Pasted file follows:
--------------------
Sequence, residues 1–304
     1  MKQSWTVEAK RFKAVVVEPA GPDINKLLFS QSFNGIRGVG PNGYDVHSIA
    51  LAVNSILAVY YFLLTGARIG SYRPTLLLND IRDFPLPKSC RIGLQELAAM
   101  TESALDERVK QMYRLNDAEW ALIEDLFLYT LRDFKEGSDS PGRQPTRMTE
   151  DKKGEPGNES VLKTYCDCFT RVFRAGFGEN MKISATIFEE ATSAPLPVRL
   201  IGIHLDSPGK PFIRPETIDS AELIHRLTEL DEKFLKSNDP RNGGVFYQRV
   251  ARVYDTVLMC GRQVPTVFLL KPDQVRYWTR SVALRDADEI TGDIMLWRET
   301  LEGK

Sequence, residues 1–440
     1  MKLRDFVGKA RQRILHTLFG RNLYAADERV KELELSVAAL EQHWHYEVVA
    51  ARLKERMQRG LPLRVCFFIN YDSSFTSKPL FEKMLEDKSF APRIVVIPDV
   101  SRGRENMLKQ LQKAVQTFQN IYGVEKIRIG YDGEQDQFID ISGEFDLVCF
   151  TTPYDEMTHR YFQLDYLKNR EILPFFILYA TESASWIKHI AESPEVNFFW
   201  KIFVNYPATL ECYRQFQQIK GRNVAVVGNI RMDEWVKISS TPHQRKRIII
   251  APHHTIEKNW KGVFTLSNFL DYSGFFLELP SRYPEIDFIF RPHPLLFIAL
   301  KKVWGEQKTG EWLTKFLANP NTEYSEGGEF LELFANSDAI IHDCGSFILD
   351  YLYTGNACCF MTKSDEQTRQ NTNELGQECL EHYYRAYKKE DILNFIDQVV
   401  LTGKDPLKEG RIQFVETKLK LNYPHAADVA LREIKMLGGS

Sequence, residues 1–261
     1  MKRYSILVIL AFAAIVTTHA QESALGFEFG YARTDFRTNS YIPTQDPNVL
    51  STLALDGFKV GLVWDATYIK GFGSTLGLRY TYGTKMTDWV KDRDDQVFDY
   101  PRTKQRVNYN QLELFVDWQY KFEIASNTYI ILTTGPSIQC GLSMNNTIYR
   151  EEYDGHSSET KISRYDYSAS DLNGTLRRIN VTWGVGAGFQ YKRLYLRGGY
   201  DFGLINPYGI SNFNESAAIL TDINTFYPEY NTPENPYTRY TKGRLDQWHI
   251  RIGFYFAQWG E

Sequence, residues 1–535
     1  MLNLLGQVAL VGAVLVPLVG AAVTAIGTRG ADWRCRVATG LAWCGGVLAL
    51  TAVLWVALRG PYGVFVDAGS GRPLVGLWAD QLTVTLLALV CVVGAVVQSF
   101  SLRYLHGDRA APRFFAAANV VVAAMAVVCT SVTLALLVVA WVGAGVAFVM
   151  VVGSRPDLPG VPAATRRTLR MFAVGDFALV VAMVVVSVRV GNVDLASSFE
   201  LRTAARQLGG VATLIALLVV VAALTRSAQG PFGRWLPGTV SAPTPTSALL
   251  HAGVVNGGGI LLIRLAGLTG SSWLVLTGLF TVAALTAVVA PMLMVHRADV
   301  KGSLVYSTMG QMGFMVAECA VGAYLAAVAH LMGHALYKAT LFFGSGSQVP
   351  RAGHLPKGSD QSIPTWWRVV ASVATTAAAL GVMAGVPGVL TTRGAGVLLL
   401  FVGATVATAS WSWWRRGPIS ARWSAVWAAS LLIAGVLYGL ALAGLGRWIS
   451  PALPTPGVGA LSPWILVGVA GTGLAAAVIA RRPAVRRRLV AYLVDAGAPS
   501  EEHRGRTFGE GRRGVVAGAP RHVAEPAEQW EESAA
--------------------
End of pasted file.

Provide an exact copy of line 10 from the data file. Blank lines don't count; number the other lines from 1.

     1  MKLRDFVGKA RQRILHTLFG RNLYAADERV KELELSVAAL EQHWHYEVVA